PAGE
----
When I play golf I am routing for everyone. I love watching good golf shots and I love watching someone do well. Even if that person is playing against me. I love disc golf and I just don't have the ability to hate anyone - except Palmer. He has tiny hands.. Icky, icky.

I thought about using Brad's temper against him but ultimately decided that it just wasn't in me to be that kind of player. The course was too big for me and Brad was picked to win it all by a lot of people. He is a really good player. So instead, I introduced myself, and I was nice. Pleasant. I was even complimentary (all of these claims I am making are proven by the THREE different camera angles taken of the events which transpired here). I was a gentleman the entire round.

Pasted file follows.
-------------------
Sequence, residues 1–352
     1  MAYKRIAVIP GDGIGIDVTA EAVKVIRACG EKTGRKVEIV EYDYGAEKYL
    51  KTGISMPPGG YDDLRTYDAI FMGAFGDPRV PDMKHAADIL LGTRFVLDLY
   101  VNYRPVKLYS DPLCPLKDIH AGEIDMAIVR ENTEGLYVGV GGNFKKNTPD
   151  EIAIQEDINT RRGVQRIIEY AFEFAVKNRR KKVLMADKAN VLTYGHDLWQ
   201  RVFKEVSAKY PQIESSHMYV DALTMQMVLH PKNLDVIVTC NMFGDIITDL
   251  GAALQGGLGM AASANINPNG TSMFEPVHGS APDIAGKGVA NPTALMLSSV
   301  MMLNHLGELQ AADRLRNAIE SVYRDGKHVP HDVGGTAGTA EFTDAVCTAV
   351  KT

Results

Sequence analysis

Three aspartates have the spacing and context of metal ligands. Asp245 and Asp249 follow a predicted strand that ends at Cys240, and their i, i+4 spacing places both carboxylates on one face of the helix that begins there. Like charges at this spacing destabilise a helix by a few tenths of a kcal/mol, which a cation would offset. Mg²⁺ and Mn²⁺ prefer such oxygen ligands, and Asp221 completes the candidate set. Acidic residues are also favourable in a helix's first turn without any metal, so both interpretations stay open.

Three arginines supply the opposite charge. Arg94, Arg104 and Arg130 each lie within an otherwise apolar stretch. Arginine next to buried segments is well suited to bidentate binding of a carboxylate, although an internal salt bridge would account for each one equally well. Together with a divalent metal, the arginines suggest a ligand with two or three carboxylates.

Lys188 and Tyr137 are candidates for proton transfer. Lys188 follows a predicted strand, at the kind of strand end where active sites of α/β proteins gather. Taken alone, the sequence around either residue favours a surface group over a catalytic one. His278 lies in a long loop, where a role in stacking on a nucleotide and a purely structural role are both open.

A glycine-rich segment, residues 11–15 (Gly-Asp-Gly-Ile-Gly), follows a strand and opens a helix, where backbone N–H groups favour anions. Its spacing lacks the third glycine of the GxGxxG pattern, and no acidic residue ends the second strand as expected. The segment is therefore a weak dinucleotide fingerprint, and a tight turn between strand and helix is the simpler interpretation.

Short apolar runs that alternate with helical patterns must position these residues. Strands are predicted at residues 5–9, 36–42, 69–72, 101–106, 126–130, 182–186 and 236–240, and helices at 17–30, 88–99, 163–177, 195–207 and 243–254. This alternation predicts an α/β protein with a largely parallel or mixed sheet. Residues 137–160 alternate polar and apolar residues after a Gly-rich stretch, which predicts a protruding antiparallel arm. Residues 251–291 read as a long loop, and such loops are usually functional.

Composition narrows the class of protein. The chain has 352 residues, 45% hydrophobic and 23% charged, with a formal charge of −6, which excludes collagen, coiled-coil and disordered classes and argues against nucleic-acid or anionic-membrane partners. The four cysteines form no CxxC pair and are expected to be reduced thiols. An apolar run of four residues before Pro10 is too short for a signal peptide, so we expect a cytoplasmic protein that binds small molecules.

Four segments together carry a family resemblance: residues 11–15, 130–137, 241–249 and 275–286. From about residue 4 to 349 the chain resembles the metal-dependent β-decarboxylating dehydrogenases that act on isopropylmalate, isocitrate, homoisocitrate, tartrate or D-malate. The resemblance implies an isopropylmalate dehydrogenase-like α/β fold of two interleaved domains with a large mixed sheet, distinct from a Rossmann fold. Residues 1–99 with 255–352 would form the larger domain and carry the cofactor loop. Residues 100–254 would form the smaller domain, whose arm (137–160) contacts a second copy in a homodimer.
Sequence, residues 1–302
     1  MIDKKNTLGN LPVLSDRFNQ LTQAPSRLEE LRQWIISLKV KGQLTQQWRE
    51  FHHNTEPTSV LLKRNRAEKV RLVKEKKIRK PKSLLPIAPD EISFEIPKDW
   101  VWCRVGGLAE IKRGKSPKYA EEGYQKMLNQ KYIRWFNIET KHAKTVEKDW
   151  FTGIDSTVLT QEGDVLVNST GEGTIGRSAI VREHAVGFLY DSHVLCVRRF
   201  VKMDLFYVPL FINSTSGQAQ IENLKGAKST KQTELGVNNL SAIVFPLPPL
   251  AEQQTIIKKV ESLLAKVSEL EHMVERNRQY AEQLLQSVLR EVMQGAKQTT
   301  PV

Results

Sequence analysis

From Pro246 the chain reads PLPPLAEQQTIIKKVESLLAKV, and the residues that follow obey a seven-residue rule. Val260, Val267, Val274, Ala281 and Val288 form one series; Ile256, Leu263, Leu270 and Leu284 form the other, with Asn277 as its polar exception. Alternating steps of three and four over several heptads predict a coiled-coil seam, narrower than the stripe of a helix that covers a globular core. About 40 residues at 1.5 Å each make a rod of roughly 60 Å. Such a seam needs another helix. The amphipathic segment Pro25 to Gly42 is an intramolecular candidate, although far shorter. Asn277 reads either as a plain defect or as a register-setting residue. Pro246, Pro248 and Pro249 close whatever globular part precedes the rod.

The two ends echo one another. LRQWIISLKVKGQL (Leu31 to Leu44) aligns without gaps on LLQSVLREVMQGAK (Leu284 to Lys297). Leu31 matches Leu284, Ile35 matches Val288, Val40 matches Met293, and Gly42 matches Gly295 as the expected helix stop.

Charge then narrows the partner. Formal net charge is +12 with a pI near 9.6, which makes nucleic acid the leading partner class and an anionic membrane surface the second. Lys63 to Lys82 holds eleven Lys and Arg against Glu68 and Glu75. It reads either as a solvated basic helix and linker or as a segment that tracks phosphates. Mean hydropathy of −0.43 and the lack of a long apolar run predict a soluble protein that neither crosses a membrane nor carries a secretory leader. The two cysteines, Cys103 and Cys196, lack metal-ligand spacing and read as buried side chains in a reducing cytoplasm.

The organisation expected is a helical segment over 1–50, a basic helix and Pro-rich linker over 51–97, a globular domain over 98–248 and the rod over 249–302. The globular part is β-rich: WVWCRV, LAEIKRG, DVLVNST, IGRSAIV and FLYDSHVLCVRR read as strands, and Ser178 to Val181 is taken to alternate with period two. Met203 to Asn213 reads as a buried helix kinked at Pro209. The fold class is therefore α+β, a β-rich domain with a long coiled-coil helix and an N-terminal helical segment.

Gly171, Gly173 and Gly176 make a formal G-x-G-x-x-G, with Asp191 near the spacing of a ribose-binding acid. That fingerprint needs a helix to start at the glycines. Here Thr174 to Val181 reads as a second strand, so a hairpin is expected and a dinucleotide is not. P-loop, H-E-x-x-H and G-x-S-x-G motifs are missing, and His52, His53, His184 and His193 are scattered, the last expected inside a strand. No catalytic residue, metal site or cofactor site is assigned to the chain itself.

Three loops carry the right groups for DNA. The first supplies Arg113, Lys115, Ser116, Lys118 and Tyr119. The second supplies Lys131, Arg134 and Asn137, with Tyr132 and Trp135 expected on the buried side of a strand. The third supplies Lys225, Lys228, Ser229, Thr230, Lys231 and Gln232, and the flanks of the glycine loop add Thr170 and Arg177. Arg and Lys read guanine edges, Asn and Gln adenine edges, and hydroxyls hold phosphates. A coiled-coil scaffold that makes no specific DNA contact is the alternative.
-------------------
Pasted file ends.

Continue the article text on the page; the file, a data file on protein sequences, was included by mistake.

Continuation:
I thought I was going to be done in 10 holes so I didn't think about winning once. However, we started on hole 8 which meant the hardest holes for me were last. The easiest holes for me, were our first 10 holes. And when he screwed up the first three holes and gave me windows to take an easy lead, I was pretty happy. My putting, which I forgot in Kansas, didn't let me take the early lead so we pushed each hole. To me, that was awesome. MORE GOLF FOR ME! Then I won the next hole.(Nooooo way!) He won the next. Even through five. That's almost a full round of golf. I win the next two holes and then Mr. William - A Sith lord in training - lived up to the pre-game hype. He's became every bit the man he was painted to be. Again, I won't share what was said between us, only know he wasn't very happy and didn't think much of me, Twin Parks, disc golf, or... anything. His caddie was really happy for me and kept giving me thumbs up signals behind Brad's back. The other two players on our card were just as stunned as I was.